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Defeating The Headlock

Part 2 - Against A Headlock Already In Place

by Christopher Caile

Editor's Note: This is the second of a two part article on how to defend against headlocks. The first article discussed how to escape from a headlock that was just developing. This second article addresses how to escape from a headlock that is already secured, as well as how to deal with someone who is just playing. Other, optional techniques are also discussed.

Some of the techniques shown in these two articles are very dangerous. Always practice carefully so not to injure your partner. Also be sure to practice under the guidance and supervision of a trained expert and teacher.

The Tight Headlock

The following technique is a natural continuation of the technique shown in the first article. If the first technique doesn't work, or your attempt to grab the opponent's forearm comes too late, this secondary technique can be effective.

Sometimes, however, people are surprised and find themselves suddenly in a tight headlock. It all happens so fast that there is no time to avoid the headlock in its initiation stage. Fortunately, it is not too late to escape. The technique below (and its variations) are all that is needed.

In this technique, reminiscent of a movement found in many karate kata, the defender moves his inside arm (the one facing the attacker) back and over the top between his head and the opponent's head -- the hand grabbing the attacker's hair, nose, or in this illustration, the chin using the thumb. To make the chin technique effective, the thumb must be bent (it looks like a fish hook), so it can hook under the chin bone (mandible), just before the angle of the jaw.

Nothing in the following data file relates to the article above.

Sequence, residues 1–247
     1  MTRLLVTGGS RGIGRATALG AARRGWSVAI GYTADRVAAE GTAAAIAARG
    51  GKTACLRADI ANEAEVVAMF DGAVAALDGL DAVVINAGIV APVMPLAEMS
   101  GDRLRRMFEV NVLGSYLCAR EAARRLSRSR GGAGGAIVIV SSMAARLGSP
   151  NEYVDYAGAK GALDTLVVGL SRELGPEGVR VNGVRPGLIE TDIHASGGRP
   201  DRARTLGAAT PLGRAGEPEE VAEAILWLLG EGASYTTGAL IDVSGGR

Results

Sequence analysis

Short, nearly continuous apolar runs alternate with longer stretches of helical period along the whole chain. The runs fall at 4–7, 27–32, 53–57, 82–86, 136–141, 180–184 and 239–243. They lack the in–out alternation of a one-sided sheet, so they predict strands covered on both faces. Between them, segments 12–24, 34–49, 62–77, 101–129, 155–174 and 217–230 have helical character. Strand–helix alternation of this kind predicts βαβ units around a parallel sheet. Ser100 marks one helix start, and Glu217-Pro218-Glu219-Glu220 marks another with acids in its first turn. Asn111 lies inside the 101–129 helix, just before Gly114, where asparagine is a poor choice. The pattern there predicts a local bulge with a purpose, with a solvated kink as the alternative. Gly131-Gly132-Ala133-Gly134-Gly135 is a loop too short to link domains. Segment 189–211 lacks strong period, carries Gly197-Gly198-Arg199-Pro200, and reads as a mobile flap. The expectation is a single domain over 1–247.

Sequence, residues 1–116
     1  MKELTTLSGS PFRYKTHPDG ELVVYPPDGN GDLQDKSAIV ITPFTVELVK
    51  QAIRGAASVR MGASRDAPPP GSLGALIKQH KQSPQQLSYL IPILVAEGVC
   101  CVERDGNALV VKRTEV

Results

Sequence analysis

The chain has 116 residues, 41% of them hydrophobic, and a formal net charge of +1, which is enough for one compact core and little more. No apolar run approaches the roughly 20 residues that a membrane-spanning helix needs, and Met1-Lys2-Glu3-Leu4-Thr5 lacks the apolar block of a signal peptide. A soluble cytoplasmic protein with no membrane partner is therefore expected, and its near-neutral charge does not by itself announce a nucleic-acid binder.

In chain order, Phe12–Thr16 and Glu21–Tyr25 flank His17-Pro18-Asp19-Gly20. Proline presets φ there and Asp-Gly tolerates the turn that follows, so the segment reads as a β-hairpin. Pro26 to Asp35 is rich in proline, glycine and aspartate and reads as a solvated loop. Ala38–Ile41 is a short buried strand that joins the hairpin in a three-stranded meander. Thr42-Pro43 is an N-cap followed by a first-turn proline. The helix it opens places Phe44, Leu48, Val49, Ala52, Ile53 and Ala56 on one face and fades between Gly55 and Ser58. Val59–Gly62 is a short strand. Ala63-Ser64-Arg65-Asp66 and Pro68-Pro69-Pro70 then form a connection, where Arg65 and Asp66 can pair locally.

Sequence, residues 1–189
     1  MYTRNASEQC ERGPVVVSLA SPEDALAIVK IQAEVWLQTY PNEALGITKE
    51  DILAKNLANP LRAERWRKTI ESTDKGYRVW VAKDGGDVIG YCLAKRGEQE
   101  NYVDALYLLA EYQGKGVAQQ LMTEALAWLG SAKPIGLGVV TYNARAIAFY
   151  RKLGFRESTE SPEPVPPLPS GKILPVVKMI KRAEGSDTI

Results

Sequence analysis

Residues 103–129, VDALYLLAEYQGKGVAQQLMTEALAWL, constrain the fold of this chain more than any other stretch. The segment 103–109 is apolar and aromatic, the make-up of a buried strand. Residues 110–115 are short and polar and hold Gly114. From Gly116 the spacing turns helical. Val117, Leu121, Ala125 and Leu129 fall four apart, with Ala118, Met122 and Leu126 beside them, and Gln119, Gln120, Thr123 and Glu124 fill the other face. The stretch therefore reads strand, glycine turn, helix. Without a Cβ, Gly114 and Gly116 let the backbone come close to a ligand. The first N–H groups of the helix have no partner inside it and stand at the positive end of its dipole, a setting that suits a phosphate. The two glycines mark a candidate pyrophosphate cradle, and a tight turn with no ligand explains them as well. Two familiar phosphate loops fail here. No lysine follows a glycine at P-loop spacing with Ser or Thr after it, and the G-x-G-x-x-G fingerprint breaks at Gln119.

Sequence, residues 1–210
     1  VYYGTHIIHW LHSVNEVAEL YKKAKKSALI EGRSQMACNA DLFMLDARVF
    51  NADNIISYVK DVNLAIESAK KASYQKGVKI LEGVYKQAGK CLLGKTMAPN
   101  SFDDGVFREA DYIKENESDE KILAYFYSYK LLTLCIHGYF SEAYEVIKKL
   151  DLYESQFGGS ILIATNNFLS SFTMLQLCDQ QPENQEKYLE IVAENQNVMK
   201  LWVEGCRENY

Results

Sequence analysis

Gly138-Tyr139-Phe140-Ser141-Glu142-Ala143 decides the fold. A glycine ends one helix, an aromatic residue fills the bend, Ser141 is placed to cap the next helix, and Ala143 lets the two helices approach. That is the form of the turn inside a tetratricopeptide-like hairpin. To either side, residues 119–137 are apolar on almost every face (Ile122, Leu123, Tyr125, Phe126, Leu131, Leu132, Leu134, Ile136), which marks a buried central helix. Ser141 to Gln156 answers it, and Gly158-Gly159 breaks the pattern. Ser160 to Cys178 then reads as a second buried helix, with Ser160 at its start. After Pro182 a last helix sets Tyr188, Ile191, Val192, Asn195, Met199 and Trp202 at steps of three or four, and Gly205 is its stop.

The tip of the thumb is pulled up into the nerve that runs up along the inside jaw line. (1) This can be very painful and is used to pry the head backward. At the same time the defender's outside arm hooks under the attacker's front knee and pulls the leg upward.

When done together, the two arm techniques pull the opponent backward and off balance (left). For comparison, a kata movement is also illustrated. Notice, however, that in kata, the technique is illustrated at the position of engagement (just initiating the counter) and not at its ending point, which is more extended.

This technique alone, however, doesn't always work. If the attacker is very determined and/or ignores the pain, the fishhook thumb nerve attack, hair grab or other technique used to pull the head back can be ineffective. So, now what?

(Continued next page)


(1) From a neurological viewpoint you are attacking the hypoglossal nerve at approximately an inch forward from the angle of the jaw (before the jaw turns upward toward the ear). This is where the nerve connects to the back end of the tongue. The best way to activate this point is quickly to penetrate with the thumb tip upward toward the top of the skull. When done properly the technique can cause acute pain and momentarily stun the opponent.

To find more articles of interest, search on one of these keywords:

Self-defense, headlock, kata, seienchin, grappling, karate, judo, aikido, Kung Fu

Read more articles by Christopher Caile

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